Don’t miss Tsitsi Dangarembga and Achmat Dangor for a Literary Crossroads event at the Goethe-Institut
More about the book!
Join the Goethe-Institut for a Literary Crossroads event with Tsitsi Dangarembga and Achmat Dangor!
The conversation will be moderated by Danyela Demir.
Entry is free!
Date: Wednesday, 6 December 2017
Time: 6.30 pm
Venue: Goethe-Institut, 119 Jan Smuts Avenue, Parkwood 2193
Literary Crossroads is a series of talks where South African writers meet colleagues from all over the continent and from the African diaspora to discuss trends, topics and themes prevalent in their literatures today. The series is curated by Indra Wussow and Sine Buthelezi.
About the authors
Writer, filmmaker, teacher and cultural activist Tsitsi Dangarembga lives in Harare, Zimbabwe, where she directs the Institute of Creative Arts for Progress in Africa Trust, an institution focusing on the role of all arts disciplines in development, which she founded in 2009. She is currently working on her 4th novel, dystopian young adult speculative fiction Sai-Sai, Watermaker.
She began writing plays at the University of Zimbabwe, where The Lost of the Soil (1983) and She No Longer Weeps (1984) were first staged. The first volume in the Tambudzai trilogy, Nervous Conditions, appeared to critical acclaim in 1988. Its sequel, The Book of Not, was published in 2006. Her third novel, This Mournable Body, is forthcoming from Graywolf Press.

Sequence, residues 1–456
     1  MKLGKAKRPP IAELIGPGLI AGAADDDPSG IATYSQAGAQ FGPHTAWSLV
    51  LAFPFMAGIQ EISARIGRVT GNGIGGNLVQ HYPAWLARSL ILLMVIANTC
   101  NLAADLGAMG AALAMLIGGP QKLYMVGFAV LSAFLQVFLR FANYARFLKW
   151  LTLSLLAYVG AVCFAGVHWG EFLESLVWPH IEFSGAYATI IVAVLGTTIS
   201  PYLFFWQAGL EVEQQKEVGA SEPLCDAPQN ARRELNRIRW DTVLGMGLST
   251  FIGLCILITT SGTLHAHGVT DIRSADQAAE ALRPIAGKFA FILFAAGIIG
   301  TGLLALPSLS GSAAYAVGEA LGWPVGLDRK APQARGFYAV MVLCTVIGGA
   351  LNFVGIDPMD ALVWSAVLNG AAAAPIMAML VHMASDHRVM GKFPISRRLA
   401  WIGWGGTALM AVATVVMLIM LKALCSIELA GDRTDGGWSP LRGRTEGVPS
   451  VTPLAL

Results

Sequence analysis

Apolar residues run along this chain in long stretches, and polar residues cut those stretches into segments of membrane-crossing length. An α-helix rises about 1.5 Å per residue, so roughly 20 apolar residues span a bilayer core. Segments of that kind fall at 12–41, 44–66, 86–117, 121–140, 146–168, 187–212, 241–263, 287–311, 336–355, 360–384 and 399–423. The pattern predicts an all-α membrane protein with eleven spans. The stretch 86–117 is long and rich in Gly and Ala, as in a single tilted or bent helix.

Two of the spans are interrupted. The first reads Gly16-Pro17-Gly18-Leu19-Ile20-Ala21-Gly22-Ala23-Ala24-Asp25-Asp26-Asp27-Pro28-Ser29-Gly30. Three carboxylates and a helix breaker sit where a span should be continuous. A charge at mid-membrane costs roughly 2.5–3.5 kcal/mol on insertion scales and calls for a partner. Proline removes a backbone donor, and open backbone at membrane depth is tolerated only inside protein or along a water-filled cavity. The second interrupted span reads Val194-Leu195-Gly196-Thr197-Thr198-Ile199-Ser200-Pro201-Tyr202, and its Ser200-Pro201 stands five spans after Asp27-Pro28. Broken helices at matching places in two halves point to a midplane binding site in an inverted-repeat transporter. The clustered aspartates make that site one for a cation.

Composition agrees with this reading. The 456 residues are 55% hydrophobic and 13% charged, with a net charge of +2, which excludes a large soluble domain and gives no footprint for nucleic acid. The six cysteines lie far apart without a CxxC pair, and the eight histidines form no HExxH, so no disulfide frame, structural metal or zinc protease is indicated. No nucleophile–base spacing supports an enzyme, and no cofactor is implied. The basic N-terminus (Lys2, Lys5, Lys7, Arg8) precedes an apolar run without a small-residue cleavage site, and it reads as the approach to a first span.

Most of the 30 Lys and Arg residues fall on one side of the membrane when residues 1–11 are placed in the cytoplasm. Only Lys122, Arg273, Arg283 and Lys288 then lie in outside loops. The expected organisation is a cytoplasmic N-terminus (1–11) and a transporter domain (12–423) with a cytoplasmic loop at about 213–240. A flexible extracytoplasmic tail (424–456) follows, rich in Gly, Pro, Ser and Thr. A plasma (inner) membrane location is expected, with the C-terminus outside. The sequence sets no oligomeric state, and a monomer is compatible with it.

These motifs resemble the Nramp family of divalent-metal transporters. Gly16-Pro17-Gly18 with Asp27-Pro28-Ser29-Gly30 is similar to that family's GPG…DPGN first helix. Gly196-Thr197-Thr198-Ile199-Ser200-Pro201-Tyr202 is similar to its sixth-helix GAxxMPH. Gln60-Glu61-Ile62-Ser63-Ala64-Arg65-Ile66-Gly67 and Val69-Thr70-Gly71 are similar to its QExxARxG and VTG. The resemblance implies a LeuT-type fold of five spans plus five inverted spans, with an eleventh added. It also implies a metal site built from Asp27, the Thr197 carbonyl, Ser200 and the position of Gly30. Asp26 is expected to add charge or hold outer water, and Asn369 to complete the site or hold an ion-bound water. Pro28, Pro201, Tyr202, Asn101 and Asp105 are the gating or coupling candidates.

Achmat Dangor, a writer by vocation, has also been a political activist from a young age. During the turbulent 1970s, together with 13 other writers, he founded a group called Black Thoughts. Its mission was to overcome the rigid education system the Apartheid government had imposed on Black schools, forcing children to learn in Afrikaans, and severely restricting what they could read. Black Thoughts did readings in township schools and churches, introducing scholars and the public to the work of ‘Third World’ writers, including South African books that had been banned.
The Black Thoughts writers themselves were ‘banned’ by the apartheid government, which prohibited them from attending any gatherings. Achmat found employment under the Leon Sullivan code with the American company Revlon, where he was trained as packaging engineer. He subsequently entered the development sector where he was CEO of various organisations, including the Kagiso Trust, the Nelson Mandela Children’s Fund and the Nelson Mandela Foundation. He was also Director of Advocacy at UNAIDS, and the Ford Foundation’s Southern Africa Representative. He continued writing throughout the years. Now retired, he is devoting himself to his writing.
He received the 2015 Lifetime Achievement Award from the South African Literary Awards (SALA).